He looked back at his men. Behind the facemasks of their helmet, he could see their eyes taking in the death that surrounded them. Many of them had not dealt with so much as a riot, let alone anything resembling firefight, and here among the smoke and soot they could see and smell what could be their demise.

“Eyes up, men,” his sergeant barked, “unless you prefer to look like these folks. I myself like my current complexion just fine.” He looked around at the men nearby to give them a reassuring grin, and then looked at his lieutenant to give him a personal nod of encouragement. Mordred nodded back and shouldered his weapon. He gave a hand signal to his men, and they continued forward to their waypoint.

“Are you picking anything up on scanners?” he asked over comms to each of the squad leaders.

“Negative, sir,” each responded. The last one added, “Whoever did this either isn’t here, or….” An explosion ahead cut off his words.

They were almost to the town square where the governmental building stood tall amongst the nearby commercial businesses and apartments. These concrete and brick mortared buildings in a colony such as this would be their best hope for survivors… if there were any. In any case, they would find security footage from around the neighborhood in the City Hall where they could at least get answers.

The columns of smoke leading from the craters they had seen as they had flown in was now right above them. They halted, and Mordred turned on the heads-up display on his helmet. The floating visual in front of his eye quickly came into focus and his commanding officer appeared in the visual. “Lieutenant, what’s the situation on the ground?” Colonel Rhoneax asked from the now-distant garrison.

“Sir, we’ve made no contact,” Mordred responded with an unmistakable shakiness. “We couldn’t land in the town center due to visibility and potential… hazards.”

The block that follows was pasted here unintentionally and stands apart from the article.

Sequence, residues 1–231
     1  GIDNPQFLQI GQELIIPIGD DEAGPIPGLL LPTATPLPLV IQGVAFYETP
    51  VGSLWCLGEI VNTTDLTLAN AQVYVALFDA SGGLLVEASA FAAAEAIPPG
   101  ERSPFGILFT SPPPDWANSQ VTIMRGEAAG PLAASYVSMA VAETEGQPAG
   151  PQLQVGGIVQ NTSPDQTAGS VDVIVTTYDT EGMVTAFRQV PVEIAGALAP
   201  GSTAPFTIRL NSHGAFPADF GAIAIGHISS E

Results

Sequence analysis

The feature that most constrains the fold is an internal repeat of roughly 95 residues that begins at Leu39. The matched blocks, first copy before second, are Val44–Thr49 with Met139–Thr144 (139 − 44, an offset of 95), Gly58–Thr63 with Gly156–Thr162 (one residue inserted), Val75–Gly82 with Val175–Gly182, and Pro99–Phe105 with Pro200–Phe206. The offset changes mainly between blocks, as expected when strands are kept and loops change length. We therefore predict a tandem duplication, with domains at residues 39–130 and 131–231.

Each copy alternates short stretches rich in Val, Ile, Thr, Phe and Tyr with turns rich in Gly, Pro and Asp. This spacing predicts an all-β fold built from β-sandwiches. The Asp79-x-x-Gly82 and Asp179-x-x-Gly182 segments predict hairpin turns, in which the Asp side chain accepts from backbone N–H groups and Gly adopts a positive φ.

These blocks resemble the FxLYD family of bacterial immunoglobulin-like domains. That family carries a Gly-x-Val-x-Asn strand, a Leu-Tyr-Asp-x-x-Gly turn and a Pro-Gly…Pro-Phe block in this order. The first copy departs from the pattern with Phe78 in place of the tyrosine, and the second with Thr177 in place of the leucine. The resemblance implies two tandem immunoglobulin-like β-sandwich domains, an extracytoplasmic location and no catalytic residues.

“I saw that before our drones were shot down. You were lucky your pilots didn’t try to get any closer; there’s hostile forces north of your position on the other side of the town square,” the colonel added with concern. “And based on what we experienced with the drones, you’re likely to be without comms or scanners as you get closer.”

The young lieutenant’s brow furrowed at that last piece of intelligence.

The colonel added, “Lieutenant, we have heavy Marines in route. Observe the enemy movements, but don’t engage unless necessary. We’ll try to get more eyes in the sky. Rhoneax out.” And with that, the visual of the colonel disappeared.

He took a deep breath, allowing his commanding officer’s words to sink in. He looked around at the burning buildings and vacant streets. He felt the sweat from his forehead drip down to his cheeks.

“Alright boys, we might be going in blind,” he said, turning to his men and giving each squad their orders. He would leave one squad behind to cover them, while the other three squads would enter the square. One of those squads would turn left at the square and the other two would head with him to the right in the direction of City Hall.

As they turned the corner and entered the square, he could feel the intense heat where the craters were still burning; the smoke now was a dark grey mist instead of the thick black column that they had encountered on the way in. Here the pavement was covered in soot and ash; their boots kicked it up into the air with each step.

Suddenly, the deep rumbling of engines could be heard above, reverberating through the empty square and streets with a violent roar. A black dropship floated two hundred feet off the ground in front of the entrance to their objective—the governmental building. The thrusters on each wing faced down, causing a massive upheaval of the ashes on the ground which swirled around Mordred and his squads like a sand storm. His glass masked helmet protected his nose, mouth, and eyes but did nothing for his visibility. The grey, swirling clouds around them masked the new arrival.

His scanners and optics, which were equipped with a “friend or foe” system, couldn’t pick up the target. He tried switching the imaging on his helmet, but the heat and air movement disrupted the thermal patterns. “Identify!” he yelled to his men, hoping someone might catch a visual.

But before any of his men responded, the storm of ash broke slightly, restoring just enough of his visibility to witness what came hovering down from the dropship.

Like a dark demon descending from the shadows of heaven, the tall, black, armor-clad figure landed in the cinder and smoke-covered town square. The face of his helm was a terrible, spectral visage; a prominent spike adorned the crown. Three more of the dark clad figures floated down, the sound of their heavy metallic armor rang loudly as they landed and stepped forward to join their leader. Weapons low but ready, they slowly moved towards Mordred and his Ardrovian troops.

Mordred steadied his men; their weapons were trained on the arrivals. His orders had been clear—do not engage. And by the looks of the armor and advanced weaponry coming towards him he knew his unit was outmatched. Their adversaries stopped in a line, weapons still low, waiting imperturbably in the violent storm of ash.